Your clothes are an investment, and a lousy wash can leave them in tethers. Who among us doesn’t have a favorite sweater we would hate to see faded or a pair of jeans we would be devastated to see ripped?
If you’re ready to start perfecting your laundry routine (rather than just throwing all your clothes in the wash and hitting “go”), then you might be wondering what temperature is best to wash your clothes.
Washing in cold water can help you save money on energy bills, be more gentle on your delicate fabrics, and positively impact the environment. However, cold water might not be the best choice if you wash clothing that needs to be sanitized rather than just cleaned, such as scrubs or reusable diapers.
Below, we expand on the benefits and disadvantages of using cold water in the wash. Then, we answer some of your most frequently asked questions about proper laundering.
Pros of Washing Your Clothes in Cold Water
Washing your clothes in cold water is as simple as turning the dial to “cold cold” or “warm-cold.” All washers have this capability, and you can switch it back and forth between loads.
Additionally, detergent brands are specific for cold washing, such as the concentrated Tide Cold Water Clean and the fragrance-free Biokleen Natural Cool Wash (amazon paid links).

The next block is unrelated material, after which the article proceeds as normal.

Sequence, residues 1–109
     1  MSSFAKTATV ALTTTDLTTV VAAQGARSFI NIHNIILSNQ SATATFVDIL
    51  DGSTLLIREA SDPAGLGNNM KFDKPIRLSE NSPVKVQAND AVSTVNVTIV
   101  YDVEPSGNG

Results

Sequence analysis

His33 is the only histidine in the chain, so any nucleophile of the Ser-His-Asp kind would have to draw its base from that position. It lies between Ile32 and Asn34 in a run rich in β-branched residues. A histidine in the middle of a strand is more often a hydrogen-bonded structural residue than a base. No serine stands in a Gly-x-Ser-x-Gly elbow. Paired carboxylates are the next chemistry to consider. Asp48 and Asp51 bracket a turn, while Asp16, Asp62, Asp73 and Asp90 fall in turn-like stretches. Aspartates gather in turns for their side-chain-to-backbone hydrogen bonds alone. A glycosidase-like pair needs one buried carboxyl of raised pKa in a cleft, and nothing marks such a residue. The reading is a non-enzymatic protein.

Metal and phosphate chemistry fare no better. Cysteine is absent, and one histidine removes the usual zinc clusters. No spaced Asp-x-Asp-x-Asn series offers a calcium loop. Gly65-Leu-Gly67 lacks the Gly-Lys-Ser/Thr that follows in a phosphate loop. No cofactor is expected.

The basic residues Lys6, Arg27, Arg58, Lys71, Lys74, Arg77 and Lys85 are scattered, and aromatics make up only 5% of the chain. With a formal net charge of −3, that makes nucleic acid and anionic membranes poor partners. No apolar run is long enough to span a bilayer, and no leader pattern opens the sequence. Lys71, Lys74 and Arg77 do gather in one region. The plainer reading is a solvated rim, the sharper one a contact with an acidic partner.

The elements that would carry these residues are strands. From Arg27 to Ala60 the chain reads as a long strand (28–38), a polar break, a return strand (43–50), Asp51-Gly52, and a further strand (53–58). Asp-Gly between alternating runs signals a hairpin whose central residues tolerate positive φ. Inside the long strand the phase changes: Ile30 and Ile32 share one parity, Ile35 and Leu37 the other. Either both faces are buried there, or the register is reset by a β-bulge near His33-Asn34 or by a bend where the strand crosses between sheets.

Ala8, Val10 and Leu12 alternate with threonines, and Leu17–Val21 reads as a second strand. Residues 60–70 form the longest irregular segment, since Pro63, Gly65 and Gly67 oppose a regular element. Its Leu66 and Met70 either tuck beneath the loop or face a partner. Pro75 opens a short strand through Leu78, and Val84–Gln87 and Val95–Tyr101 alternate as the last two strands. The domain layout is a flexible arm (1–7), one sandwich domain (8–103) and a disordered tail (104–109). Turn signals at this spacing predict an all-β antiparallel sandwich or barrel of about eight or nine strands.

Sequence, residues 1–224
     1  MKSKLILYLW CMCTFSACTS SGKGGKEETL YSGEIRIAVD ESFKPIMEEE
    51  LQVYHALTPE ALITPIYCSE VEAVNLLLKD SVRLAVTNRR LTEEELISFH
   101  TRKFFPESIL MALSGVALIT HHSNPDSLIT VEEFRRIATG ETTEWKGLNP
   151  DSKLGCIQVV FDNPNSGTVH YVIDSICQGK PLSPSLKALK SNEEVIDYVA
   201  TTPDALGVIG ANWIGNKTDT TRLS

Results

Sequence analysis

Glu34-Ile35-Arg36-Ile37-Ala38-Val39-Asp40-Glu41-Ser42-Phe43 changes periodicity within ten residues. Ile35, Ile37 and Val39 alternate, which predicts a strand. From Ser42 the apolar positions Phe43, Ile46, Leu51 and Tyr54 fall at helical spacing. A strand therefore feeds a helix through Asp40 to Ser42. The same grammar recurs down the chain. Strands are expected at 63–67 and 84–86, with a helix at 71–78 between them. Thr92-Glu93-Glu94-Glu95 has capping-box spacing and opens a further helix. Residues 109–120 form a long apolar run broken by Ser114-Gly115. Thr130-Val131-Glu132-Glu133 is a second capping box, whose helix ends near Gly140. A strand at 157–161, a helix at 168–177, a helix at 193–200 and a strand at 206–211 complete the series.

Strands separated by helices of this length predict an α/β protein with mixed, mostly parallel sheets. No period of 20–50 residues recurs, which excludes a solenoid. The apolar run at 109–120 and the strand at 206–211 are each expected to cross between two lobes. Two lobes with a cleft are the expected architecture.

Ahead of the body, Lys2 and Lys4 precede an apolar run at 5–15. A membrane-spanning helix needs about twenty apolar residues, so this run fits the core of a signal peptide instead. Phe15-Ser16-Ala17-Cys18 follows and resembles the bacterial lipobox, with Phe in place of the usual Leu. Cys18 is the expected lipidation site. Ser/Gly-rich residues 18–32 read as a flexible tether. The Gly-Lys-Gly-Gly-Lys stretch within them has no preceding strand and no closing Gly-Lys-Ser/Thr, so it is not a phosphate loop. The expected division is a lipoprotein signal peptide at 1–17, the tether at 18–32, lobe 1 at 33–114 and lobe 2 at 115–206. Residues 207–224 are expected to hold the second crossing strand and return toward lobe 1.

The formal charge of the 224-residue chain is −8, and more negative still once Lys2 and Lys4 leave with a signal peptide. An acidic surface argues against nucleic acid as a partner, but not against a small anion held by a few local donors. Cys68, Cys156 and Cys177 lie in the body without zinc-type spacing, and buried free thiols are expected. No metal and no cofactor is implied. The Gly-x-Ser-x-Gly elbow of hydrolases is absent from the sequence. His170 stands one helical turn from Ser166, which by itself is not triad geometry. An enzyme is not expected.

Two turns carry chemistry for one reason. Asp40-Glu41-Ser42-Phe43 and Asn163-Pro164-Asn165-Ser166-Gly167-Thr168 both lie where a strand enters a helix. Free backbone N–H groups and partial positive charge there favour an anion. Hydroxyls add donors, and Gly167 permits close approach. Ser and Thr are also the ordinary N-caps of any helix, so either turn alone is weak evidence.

These products help efficiently get off even the most stubborn stains while still enjoying the benefits of using cold water to wash your clothes. And as you’ll see in the following sections, there’s a wide variety of advantages when it comes to cold washing.
Cold Water Washing Saves Energy
First and foremost, and probably one of the most prevalent reasons people are going to the cold side, is its effects on the environment. Washing even one cold load makes a big difference!
Suppose you’re looking at ways to cut down on your energy or save a little cash on your utilities; doing a cold laundry load helps. The Department of Energy suggests washing your clothes in cold water and using cold-detergents as much as possible to help save on energy consumption and costs.
Not only will it help cut down on your energy bill, but it’ll also help to reduce your carbon footprint. For example, if we all were to do one cold water wash per week, we’d be saving the same amount of energy that powers 240,000 homes. That’s a massive difference from making one small change a week.